We all know exercise is good for us. It strengthens your entire cardiovascular system, including your heart and lungs, and helps prevent heart disease. Cardiovascular exercise (“cardio”) also burns calories, which helps you manage your weight, which is also good for your heart.

Many people consider exercise to be a solo activity, but what if exercise could be a family activity? To help strengthen our bodies and our bonds? Something you can do together, instead of spending all of your leisure time playing computer games, checking social media or watching TV?

Research shows that active parents raise active children, and active children are more likely to grow up to be healthy adults. Developing positive exercise habits at a young age will pay dividends later in life. Unfortunately, about 17% of children in the U.S. ages 2-9 are obese, according to the Centers for Disease Control and Prevention. Obesity is a large contributor to poor heart health and risk for heart disease.

The American Heart Association recommends that healthy children, age 2 and older, participate in one hour of moderate to vigorous activity every day to help them maintain a healthy weight and ward off heart disease, cancer and stroke.

But everyone’s busy. Between homework, after-school and after-work chores, extracurricular activities, making dinner and finding time to relax, how can you carve out time for family exercise?

Here are a few tips to get your family up and moving, together!

  • Limit screen time. Playing on the computer, checking our phones and watching TV are sedentary activities that are counterproductive to good health. Commit to limiting your and your family’s time with electronics and repurpose some of that time for more healthful activities.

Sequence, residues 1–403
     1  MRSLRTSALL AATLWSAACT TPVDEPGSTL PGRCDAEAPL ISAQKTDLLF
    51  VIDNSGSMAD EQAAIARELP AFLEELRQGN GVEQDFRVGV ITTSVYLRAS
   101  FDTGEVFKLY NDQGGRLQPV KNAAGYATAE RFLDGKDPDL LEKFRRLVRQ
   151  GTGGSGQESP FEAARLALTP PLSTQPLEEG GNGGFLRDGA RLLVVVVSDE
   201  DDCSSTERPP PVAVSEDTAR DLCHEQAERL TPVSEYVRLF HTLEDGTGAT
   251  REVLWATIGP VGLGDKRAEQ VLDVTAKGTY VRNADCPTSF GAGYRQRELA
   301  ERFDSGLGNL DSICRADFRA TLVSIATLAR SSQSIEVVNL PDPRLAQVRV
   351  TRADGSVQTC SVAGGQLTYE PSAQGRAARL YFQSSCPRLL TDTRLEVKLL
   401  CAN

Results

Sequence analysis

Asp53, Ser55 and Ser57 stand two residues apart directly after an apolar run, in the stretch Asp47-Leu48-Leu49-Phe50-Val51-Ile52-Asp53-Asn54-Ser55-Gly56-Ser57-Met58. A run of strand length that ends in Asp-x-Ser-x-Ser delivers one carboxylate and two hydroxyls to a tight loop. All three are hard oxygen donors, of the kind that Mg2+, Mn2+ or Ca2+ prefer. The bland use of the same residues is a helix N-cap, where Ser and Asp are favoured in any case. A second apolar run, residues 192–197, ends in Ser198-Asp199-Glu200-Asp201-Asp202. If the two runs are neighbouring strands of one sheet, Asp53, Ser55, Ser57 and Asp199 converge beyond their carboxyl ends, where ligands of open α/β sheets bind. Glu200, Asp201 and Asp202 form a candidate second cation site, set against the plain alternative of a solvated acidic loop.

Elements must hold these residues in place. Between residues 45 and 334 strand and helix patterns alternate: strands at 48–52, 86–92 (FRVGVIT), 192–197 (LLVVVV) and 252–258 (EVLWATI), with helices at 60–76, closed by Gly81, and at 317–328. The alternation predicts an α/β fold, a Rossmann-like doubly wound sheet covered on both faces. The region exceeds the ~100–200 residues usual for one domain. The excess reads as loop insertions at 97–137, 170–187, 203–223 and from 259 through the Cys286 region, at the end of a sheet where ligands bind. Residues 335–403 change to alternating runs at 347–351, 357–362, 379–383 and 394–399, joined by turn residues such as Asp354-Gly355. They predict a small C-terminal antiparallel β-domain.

• Take a walk before or after dinner, and make it routine. Walking helps lower your blood sugar and cholesterol levels, and boosts your metabolism, which burns energy and calories. Plus, a daily family walk is a good time to catch up on your day, without the distraction of electronics.
  • Walk the dog. (Or if you don’t have one, consider adopting one.) There is a growing body of evidence that suggests that owning a dog may improve your heart health, decrease your risk of cardiovascular disease, lower your blood pressure and lower your cholesterol and triglyceride levels.
  • Let the kids decide. Ask your kids what they’d like to do as a family, or give them options, and let them choose. Involving them in the decision making will make them feel empowered, inspiring their cooperation.
  • Make it a surprise. Have everyone in the family write exercise ideas on slips of paper. Ideas can range from dance moves to jumping jacks to a jog down the street. Fold the slips and put them in a hat. Take turns drawing ideas and performing the exercises on the slips.
  • Form a team for charity. Sign your family up for a fun run or bike ride benefiting a charity, then train together for the event. Doing so will instill a sense of camaraderie and will help your kids understand the benefits of supporting a worthy cause.
  • Make chores fun – even competitive! Assign active chores – raking leaves, vacuuming, walking the dog – and assign points to each. Keep track of points in a visible spot in the house, and award small prizes for achieving point milestones.
  • Be a good role model. Kids tend to mimic the behaviors they observe of their parents. Avoid the “Do as I say, not as I do” mentality by getting up off the sofa and being active yourself.

Getting into a habit of regular exercise as a family builds both bodies and bonds. The good habits your kids form early in life will help them live longer, healthier lives, and will help prevent serious illnesses, including heart disease, hypertension and diabetes. (And you’ll reap those benefits, too!)

To learn more about how you and your family can adopt a heart-healthy lifestyle, schedule an appointment with a cardiologist affiliated with Memorial Hermann online or by calling (713) 222-2273.

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